The bulk of the file on Iroquoian consists of a typed copy of an unidentified historical text from the 1880s. It discusses the relations of the Iroquois with the Spanish, French, and English settlers in the New World. Special mention is made of Gy-ant-va-chia (Cornplanter), chief of the Seneca. The spacing of the lines of text suggests that Harrington was planning to add a translation or annotations of some kind. There are also three pages of miscellaneous notes in his hand.

Most of the file on Delaware consists of information on placenames and tribenames obtained from Frank Siebert, Carl F. Voegelin, and a number of Oklahoma residents in 1940. Siebert gave both Delaware and Penobscot terms, and Unami words were given by Roy Longbone, Salley Fallleaf, and Jake Parks. Munsee forms were obtained from Josiah Montour and Jane Pattice of the Six-Nations Reserve in Ontario, Canada. Also included are a carbon copy of a typed list of possible informants and several pages of miscellaneous notes from the works of Brinton, Strachey, and Zeisberger.

The section on Creek/Seminole/Alabama/Koasati/Choctaw contains twenty-one pages of vocabulary (mostly on tribenames) which Harrington obtained in an interview with James Feagin Sylestine, a speaker of the Alabama language, on April 25, 1940. The informant's home was in Livingston, Texas, although he was at the Shawnee Sanatorium at the time Harrington worked with him. The remaining miscellaneous notes were excerpted from various published and manuscript sources. They include references to Creek, Cherokee, Seminole, Alabama, and Choctaw.

Miscellaneous material relating to the East consists of brief notes which Harrington copied from a number of secondary sources. There are mentions of the Huron, Wyandot, Powhatan, and Cherokee tribes, among others. Three of the pages consist of a partial typed list (alphabetically arranged K to M) of "Carolina and Virginia Algonquian" words. This list is based on that given in the commentary on the map of Raleigh's Virginia, pages 852 to 872 of The Roanoke Voyages, which was published by the Hakluyt Society in 1955.
Local Numbers:
Accession #1976-95
Restrictions:
No restrictions on access.
Rights:
Contact the repository for terms of use.
Topic:
Language and languages -- Documentation  Search this
Algonquian languages  Search this
Fox language  Search this
Cree language  Search this
Ojibwa language  Search this
Wampanoag language  Search this
Nanticoke language  Search this
Narragansett language  Search this
Abenaki language  Search this
Delaware language  Search this
Munsee language  Search this
Creek language  Search this
Cherokee language  Search this
Alabama language  Search this
Choctaw language  Search this
Linguistics  Search this
Names, Geographical  Search this
Names, Ethnological  Search this
Creek (Muskogee)  Search this
Genre/Form:
Field notes
Vocabulary
Collection Citation:
John Peabody Harrington papers, National Anthropological Archives, Smithsonian Institution
The preferred citation for the Harrington Papers will reference the actual location within the collection, i.e. Box 172, Alaska/Northwest Coast, Papers of John Peabody Harrington, National Anthropological Archives, Smithsonian Institution.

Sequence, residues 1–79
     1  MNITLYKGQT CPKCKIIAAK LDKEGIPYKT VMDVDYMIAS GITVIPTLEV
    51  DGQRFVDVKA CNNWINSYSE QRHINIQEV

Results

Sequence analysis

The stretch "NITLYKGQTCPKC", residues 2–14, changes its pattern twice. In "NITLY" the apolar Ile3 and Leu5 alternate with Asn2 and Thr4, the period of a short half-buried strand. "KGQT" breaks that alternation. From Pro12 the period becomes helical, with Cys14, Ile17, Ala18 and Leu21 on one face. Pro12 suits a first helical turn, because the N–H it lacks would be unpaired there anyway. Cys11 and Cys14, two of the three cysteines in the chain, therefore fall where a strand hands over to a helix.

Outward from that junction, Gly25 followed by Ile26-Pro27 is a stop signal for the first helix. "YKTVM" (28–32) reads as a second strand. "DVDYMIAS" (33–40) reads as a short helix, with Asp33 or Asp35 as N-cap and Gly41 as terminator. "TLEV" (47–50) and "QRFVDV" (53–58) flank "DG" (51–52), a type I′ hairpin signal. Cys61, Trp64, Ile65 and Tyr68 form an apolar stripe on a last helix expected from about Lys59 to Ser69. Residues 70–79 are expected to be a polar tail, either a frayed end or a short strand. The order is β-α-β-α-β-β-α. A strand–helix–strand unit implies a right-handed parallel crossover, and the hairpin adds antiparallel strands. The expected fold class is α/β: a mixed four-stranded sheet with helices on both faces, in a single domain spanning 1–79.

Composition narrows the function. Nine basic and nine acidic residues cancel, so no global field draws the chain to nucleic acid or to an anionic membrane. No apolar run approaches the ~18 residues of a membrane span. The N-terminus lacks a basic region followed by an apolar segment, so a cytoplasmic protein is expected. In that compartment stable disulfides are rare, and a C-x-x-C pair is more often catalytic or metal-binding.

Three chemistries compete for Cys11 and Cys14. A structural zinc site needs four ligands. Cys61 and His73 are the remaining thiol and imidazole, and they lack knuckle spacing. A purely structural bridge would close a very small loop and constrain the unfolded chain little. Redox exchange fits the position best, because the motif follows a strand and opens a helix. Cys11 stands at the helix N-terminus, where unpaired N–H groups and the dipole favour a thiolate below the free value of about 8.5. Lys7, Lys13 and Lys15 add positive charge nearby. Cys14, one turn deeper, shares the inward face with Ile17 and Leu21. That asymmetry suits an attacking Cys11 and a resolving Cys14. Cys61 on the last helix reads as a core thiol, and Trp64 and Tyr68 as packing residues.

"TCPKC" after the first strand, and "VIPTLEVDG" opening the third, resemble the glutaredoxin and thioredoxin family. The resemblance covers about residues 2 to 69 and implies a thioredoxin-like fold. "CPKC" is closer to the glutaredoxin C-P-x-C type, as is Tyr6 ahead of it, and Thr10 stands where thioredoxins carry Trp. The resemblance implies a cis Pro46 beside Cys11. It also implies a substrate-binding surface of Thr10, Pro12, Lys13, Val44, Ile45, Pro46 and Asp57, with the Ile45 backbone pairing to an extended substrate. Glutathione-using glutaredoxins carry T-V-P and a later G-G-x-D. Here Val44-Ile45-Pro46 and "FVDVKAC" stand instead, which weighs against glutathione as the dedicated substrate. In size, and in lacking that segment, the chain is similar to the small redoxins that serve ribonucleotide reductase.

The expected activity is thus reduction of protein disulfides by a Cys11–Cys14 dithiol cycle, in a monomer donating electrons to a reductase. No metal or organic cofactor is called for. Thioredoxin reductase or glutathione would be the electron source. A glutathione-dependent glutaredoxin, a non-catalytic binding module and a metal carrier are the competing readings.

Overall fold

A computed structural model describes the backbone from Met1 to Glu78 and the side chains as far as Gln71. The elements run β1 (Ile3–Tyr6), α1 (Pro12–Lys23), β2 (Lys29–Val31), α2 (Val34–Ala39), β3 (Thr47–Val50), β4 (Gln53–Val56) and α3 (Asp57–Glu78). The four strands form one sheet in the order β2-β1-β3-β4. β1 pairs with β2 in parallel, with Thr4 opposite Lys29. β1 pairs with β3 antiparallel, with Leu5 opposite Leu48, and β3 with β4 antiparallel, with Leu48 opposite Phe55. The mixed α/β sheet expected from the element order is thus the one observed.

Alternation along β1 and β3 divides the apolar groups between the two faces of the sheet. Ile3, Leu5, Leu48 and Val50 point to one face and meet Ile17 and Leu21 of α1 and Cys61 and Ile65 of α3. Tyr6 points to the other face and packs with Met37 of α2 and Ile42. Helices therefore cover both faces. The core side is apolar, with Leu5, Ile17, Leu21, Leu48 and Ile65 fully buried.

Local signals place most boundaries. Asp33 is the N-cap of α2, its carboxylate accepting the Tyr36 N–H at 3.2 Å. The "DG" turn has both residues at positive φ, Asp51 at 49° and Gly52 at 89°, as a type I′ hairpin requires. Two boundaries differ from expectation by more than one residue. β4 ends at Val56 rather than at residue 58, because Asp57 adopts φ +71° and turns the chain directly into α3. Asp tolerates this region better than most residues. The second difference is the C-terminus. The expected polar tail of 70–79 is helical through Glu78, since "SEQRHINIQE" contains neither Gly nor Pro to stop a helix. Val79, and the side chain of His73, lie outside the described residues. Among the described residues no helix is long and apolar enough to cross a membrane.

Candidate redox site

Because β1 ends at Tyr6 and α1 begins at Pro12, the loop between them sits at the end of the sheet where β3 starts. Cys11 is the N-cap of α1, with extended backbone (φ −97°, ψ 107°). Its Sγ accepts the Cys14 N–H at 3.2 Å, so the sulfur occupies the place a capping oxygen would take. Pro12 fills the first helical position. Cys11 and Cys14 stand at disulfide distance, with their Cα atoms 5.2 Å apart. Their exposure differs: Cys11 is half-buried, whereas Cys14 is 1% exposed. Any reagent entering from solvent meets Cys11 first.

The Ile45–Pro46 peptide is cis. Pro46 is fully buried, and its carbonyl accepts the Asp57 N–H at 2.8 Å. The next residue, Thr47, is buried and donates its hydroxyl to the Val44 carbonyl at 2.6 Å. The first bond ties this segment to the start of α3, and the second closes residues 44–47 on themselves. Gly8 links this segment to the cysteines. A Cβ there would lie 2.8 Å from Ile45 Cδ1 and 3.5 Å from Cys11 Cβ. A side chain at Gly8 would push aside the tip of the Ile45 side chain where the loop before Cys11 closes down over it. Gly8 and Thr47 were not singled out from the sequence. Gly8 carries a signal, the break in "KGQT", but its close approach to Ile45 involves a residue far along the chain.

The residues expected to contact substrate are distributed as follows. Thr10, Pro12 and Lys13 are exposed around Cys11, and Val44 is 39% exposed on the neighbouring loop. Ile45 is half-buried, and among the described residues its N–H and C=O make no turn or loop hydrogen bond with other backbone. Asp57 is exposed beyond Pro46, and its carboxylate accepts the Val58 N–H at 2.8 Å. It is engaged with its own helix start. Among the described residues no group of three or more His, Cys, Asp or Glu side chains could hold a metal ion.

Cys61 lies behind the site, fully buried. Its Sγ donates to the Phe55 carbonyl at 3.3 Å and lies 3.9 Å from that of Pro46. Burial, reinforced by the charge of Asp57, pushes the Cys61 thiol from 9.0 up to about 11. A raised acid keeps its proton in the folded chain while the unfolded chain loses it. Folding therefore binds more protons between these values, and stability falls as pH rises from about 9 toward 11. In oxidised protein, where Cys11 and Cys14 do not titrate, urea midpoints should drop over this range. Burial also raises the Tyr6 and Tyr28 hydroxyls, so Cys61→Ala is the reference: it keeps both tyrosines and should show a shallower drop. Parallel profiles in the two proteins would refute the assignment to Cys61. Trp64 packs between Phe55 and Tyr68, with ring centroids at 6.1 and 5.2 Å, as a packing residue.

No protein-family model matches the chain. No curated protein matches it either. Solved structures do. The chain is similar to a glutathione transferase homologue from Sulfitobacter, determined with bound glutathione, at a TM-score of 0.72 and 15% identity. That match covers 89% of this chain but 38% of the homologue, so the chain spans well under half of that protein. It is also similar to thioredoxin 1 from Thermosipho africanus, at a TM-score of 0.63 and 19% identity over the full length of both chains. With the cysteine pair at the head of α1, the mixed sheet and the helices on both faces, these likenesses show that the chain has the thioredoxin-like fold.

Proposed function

However, as the NAA understands the need to cite phrases or vocabulary on specific pages, a citation referencing the microfilmed papers is acceptable. Please note that the page numbering of the PDF version of the Harrington microfilm does not directly correlate to the analog microfilm frame numbers. If it is necessary to cite the microfilmed papers, please refer to the specific page number of the PDF version, as in: Papers of John Peabody Harrington, Microfilm: MF 7, R34 page 42.
Identifier:
NAA.1976-95, Subseries 8.6
See more items in:
John Peabody Harrington papers
John Peabody Harrington papers / Series 8: Notes and Writings on Special Linguistic Studies
Archival Repository:
National Anthropological Archives
GUID:
https://n2t.net/ark:/65665/nw3cd9617a0-28a5-4c9d-a745-4da9c52b91fc
EDAN-URL:
ead_component:sova-naa-1976-95-ref15294

Records Relating to the Siberian Origin of the American Indian

Creator:
Harrington, John Peabody, 1884-1961  Search this
Jochelson, Waldemar, 1855-1937  Search this
Correspondent:
Jenness, Diamond, 1886-1969  Search this
Names:
Boas, Franz, 1858-1942  Search this
Collins, Henry Bascom, 1899-1987  Search this
Michelson, Truman, 1879-1938  Search this
Stirling, Matthew Williams, 1896-1975  Search this
Collection Creator:
Harrington, John Peabody, 1884-1961  Search this
Extent:
2 Boxes
Culture:
Indians of North America  Search this
Arctic peoples  Search this
Chukchee  Search this
Type:
Archival materials
Notes
Manuscripts
Maps
Vocabulary
Place:
Bering Strait
Siberia (Russia)
Date:
1909-1957
Scope and Contents:
This subseries of the Notes and writings on special linguistic studies series contains material reflecting John P. Harrington's long-time interest in theories of the Siberian origin of American Indians. Materials consist of notes and drafts for his paper "Siberian Origin of the American Indian.

His early notes include handwritten and typed versions of the outline "Antiquity of Man . . . " from 1915 (dated by handwriting as well as by type of pencil and paper); copies of short early vocabularies recorded by La Perouse (Tchoka) and Father Jette (Ten'a), probably prepared by Harrington around 1922 to 1923; a mimeographed statement by the Science News Service, dated 1923; newspaper clippings on Harrington's theories from 1924; and two pages of notes which Harrington recorded during a discussion with colleague Truman Michelson in November 1926. There is also an undated typed proposal titled "Investigation of the Origin of the Native American Race." This three page document does not appear to have been written by Harrington, but the source is not indicated.